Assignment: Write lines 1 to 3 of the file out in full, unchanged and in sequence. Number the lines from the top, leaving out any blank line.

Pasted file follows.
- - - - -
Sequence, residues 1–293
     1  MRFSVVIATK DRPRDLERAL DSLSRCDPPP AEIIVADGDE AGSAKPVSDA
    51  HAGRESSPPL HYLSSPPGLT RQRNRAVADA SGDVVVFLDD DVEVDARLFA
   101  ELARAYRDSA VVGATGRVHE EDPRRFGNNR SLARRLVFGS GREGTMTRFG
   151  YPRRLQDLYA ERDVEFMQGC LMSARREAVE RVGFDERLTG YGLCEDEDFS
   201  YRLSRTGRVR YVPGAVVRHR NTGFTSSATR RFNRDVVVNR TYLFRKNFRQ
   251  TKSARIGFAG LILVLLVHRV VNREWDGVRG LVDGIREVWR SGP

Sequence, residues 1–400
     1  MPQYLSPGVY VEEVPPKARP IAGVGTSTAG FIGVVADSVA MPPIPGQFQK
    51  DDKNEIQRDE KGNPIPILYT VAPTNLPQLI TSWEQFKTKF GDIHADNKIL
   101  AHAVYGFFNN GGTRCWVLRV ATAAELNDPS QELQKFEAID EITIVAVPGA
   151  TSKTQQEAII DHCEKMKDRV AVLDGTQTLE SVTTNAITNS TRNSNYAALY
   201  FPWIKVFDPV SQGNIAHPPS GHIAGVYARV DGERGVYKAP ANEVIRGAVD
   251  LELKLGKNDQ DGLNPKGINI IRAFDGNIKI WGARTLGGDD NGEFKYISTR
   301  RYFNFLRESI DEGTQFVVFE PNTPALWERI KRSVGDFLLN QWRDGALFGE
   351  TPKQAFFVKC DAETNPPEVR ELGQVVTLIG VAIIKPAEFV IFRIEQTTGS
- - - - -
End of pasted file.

Sequence, residues 1–293
     1  MRFSVVIATK DRPRDLERAL DSLSRCDPPP AEIIVADGDE AGSAKPVSDA
    51  HAGRESSPPL HYLSSPPGLT RQRNRAVADA SGDVVVFLDD DVEVDARLFA